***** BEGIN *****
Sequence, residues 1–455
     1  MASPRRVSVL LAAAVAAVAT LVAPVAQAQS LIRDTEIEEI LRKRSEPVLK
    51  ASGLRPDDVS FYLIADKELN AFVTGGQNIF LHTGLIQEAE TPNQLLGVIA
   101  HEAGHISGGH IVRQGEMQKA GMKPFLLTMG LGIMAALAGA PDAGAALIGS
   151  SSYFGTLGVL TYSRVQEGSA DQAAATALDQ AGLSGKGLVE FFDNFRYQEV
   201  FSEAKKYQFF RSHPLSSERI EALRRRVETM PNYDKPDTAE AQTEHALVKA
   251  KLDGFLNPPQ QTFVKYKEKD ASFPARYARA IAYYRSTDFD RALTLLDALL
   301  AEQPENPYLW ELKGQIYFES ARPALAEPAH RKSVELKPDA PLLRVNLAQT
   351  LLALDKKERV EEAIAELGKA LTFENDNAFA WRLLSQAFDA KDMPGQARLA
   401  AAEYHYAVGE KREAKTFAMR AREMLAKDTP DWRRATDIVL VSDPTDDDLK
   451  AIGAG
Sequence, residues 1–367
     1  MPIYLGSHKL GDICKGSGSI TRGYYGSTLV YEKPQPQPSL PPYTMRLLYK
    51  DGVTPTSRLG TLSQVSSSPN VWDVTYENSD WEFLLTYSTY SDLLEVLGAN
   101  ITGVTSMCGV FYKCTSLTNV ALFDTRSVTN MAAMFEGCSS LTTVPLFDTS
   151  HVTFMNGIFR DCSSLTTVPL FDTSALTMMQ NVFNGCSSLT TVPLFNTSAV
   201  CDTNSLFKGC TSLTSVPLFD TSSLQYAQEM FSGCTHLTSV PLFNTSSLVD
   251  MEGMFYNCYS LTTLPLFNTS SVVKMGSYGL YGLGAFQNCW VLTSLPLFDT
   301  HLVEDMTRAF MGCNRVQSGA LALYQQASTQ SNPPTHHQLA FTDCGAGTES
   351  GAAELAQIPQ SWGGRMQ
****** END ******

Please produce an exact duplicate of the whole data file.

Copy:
Sequence, residues 1–455
     1  MASPRRVSVL LAAAVAAVAT LVAPVAQAQS LIRDTEIEEI LRKRSEPVLK
    51  ASGLRPDDVS FYLIADKELN AFVTGGQNIF LHTGLIQEAE TPNQLLGVIA
   101  HEAGHISGGH IVRQGEMQKA GMKPFLLTMG LGIMAALAGA PDAGAALIGS
   151  SSYFGTLGVL TYSRVQEGSA DQAAATALDQ AGLSGKGLVE FFDNFRYQEV
   201  FSEAKKYQFF RSHPLSSERI EALRRRVETM PNYDKPDTAE AQTEHALVKA
   251  KLDGFLNPPQ QTFVKYKEKD ASFPARYARA IAYYRSTDFD RALTLLDALL
   301  AEQPENPYLW ELKGQIYFES ARPALAEPAH RKSVELKPDA PLLRVNLAQT
   351  LLALDKKERV EEAIAELGKA LTFENDNAFA WRLLSQAFDA KDMPGQARLA
   401  AAEYHYAVGE KREAKTFAMR AREMLAKDTP DWRRATDIVL VSDPTDDDLK
   451  AIGAG
Sequence, residues 1–367
     1  MPIYLGSHKL GDICKGSGSI TRGYYGSTLV YEKPQPQPSL PPYTMRLLYK
    51  DGVTPTSRLG TLSQVSSSPN VWDVTYENSD WEFLLTYSTY SDLLEVLGAN
   101  ITGVTSMCGV FYKCTSLTNV ALFDTRSVTN MAAMFEGCSS LTTVPLFDTS
   151  HVTFMNGIFR DCSSLTTVPL FDTSALTMMQ NVFNGCSSLT TVPLFNTSAV
   201  CDTNSLFKGC TSLTSVPLFD TSSLQYAQEM FSGCTHLTSV PLFNTSSLVD
   251  MEGMFYNCYS LTTLPLFNTS SVVKMGSYGL YGLGAFQNCW VLTSLPLFDT
   301  HLVEDMTRAF MGCNRVQSGA LALYQQASTQ SNPPTHHQLA FTDCGAGTES
   351  GAAELAQIPQ SWGGRMQ